Must-read books about belief, the importance of myth, the origins of the world's religions, and why God might not be so great after all
Belief lies behind the best and worst of human history. Faith in something larger than the self—or lack thereof—has shaped our societies for millennia, so we thought it about time to take a survey of the topic. Given the rich and faceted nature of the subject, it's practically impossible to produce a list that is exhaustive, conclusive, and universal, but we've narrowed it down to six absorbing and provocative books, plus one documentary, about the human quest for existential meaning. 1. THE POWER OF MYTH
The Power of Myth is considered a classic of the faith canon, and for good reason. In a 1988 six-part PBS series of the same name, host Bill Moyers and folklore and mythology expert Joseph Campbell place belief within the perspective of human history. The Q&A format makes for a fun read, and allows Campbell to weave a comprehensive picture of faith across cultures and from prehistory to the present moment.
From ritual sacrifice to the symbolism of Star Wars, the transcript of Moyers and Campbell's sessions articulates fundamentals of our value systems so widely accepted as to be taken for granted.
"The source of life—what is it? No one knows. We don't even know what an atom is, whether it is a wave or a particle—it is both. We don't have any idea of what these things are. That's the reason we speak of the divine. There's a transcendent energy source. When the physicist observes subatomic particles, he's seeing a trace on the screen. These traces come and go, come and go, and we come and go, and all of life comes and goes. That energy is the informing energy of all things. Mythic worship is addressed to that." ~ Joseph Campbell
Like a fascinating post-dinner conversation with your fabulously erudite uncle, The Power of Myth is a great survey of the spiritual stories humans have held to be self-evident throughout time.
2. DISCOVERING GOD
Author Rodney Stark set himself an ambitious agenda in Discovering God: The Origins of the Great Religions and the Evolution of Belief. From primal belief during the Stone Age, through the so-called "Axial Age" of the Buddha, Confucius, Plato, and Zoroaster, to modern Christian missionaries and the rise of Islam, Discovering God surveys every major form faith has taken in the last 2.5 million years. Even more remarkably, Stark does so in under 400 pages, including maps of various religions' births and images illustrating how belief was reified by culture. Ultimately, the book even pushes beyond an anthropological, historical, and sociological study into whether there is, in fact, a there there.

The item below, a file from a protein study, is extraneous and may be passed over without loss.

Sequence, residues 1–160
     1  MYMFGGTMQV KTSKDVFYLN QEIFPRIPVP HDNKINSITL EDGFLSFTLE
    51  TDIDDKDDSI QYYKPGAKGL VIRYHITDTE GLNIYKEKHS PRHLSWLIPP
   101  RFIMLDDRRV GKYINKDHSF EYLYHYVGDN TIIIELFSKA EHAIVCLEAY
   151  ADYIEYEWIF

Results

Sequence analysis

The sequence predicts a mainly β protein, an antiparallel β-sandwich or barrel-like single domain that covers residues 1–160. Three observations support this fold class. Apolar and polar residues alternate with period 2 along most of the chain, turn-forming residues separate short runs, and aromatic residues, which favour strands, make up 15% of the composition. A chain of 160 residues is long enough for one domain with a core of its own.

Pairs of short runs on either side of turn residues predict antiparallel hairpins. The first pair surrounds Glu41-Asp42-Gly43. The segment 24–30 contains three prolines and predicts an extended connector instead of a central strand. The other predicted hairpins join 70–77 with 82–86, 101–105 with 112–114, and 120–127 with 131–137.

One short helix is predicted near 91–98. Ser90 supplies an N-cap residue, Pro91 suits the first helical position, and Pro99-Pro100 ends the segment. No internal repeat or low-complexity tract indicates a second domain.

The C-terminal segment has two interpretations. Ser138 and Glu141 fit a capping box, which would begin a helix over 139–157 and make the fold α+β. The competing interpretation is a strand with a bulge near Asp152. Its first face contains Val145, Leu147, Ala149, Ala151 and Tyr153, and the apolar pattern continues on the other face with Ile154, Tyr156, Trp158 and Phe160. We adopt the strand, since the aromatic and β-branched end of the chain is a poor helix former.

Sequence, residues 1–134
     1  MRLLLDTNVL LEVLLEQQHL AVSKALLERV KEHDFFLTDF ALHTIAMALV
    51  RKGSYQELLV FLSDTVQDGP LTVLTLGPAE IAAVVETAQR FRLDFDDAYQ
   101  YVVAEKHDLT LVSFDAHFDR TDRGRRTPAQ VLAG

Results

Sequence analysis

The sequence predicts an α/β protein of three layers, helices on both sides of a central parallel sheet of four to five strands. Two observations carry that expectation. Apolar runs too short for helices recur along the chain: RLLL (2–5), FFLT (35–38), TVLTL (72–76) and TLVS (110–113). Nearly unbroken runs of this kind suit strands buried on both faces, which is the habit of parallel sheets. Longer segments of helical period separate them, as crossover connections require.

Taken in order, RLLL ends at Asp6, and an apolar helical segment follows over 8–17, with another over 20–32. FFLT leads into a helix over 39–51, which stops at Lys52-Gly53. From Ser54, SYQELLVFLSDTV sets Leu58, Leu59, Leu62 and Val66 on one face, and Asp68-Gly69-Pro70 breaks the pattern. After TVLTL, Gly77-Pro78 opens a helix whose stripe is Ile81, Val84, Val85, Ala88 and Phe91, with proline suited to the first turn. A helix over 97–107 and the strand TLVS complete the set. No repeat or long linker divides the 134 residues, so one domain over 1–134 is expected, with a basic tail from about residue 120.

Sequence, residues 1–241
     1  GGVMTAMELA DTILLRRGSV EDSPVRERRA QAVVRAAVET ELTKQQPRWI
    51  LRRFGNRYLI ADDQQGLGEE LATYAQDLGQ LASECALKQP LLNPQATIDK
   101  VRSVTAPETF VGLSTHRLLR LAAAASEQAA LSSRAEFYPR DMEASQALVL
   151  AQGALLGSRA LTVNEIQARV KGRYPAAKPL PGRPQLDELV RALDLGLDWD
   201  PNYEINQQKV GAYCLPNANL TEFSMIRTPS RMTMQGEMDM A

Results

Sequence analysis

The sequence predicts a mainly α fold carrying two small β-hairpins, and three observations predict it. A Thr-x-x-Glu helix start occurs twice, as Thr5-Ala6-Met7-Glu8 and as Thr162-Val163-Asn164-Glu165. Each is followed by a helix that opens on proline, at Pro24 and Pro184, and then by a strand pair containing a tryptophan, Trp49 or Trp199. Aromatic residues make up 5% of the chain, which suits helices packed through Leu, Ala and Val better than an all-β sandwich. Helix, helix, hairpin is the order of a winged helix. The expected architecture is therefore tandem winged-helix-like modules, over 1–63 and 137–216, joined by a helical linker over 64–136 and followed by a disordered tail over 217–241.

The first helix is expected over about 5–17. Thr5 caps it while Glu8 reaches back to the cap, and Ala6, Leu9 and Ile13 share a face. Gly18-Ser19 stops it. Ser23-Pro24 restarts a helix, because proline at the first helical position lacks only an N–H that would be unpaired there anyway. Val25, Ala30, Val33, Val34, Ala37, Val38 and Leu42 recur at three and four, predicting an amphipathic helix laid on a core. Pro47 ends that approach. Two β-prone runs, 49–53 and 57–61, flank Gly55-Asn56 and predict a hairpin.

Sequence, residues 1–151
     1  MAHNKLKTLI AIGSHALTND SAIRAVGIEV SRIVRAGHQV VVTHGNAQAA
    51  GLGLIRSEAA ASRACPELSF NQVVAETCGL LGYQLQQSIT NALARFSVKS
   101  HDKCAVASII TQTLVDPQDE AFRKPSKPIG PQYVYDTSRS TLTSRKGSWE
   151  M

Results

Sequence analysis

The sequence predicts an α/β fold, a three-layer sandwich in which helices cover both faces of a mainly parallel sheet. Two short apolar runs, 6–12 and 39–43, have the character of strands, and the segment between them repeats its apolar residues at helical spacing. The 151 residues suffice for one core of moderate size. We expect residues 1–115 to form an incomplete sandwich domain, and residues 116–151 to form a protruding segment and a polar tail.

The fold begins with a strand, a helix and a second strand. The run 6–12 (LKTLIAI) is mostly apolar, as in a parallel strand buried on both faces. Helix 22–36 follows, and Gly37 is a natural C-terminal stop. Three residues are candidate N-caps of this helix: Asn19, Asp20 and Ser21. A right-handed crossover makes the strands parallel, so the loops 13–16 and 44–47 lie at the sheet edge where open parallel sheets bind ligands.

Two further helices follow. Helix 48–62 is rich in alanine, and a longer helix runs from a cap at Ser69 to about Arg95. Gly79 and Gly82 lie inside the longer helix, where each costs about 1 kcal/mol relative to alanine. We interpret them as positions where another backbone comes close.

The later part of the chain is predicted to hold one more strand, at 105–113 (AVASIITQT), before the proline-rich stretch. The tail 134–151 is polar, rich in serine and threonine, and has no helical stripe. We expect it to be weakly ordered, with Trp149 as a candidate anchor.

"Thus we reach the fundamental question: Does God exist? That is, have we discovered God? Or have we invented him? Are there so many similarities among the great religions because God is really the product of universal wish fulfillment? Did humans everywhere create supernatural beings out of their need for comfort in the face of existential tragedy and to find purpose and significance in life? Or have people in many places, to a greater and lesser degree, actually gained glimpses of God?"
Leaving no stone unturned in its quest to draw a map of mankind's belief, Discovering God will satisfy those looking for deep background on pre- and post-modern ideology, and everything in between.
3. THE BELIEF INSTINCT
Evolutionary psychologist Jesse Bering takes a very different tack with The Belief Instinct: The Psychology of Souls, Destiny, and the Meaning of Life, posing the salient question:
"If humans are really natural rather than supernatural beings, what accounts for our beliefs about souls, immortality, a moral 'eye in the sky' that judges us, and so forth?"
Referencing the latest in cultural studies, neuroscience, and psychology, this engaging exploration of faith touches on the concept of an afterlife, whether animals too have existential needs, and how the movie Being John Malkovich plays on a philosophical puzzle most succinctly formulated by Descartes. Read the full Brain Pickings review from earlier this year here.
4. THE TENTH PARALLEL
The Tenth Parallel: Dispatches from the Fault Line Between Christianity and Islam takes you on a riveting tour across the real-life middle earth, with gorgeous language as a guide. Its author, award-winning investigative journalist and poet Eliza Griswold, spent the last seven years traveling along the eponymous tenth parallel—the latitude line 700 miles north of the equator—where more than 60 percent of the world's 2 billion Christians and half the world's 1.3 billion Muslims reside. The Tenth Parallel unfolds across the enormous canvases of Africa and Asia, in deserts and megacities, and shows how completely theology, culture, and politics intersect. Griswold places faith into geographical context, or perhaps the other way around—her discovery being how much land influences what we think about how to live.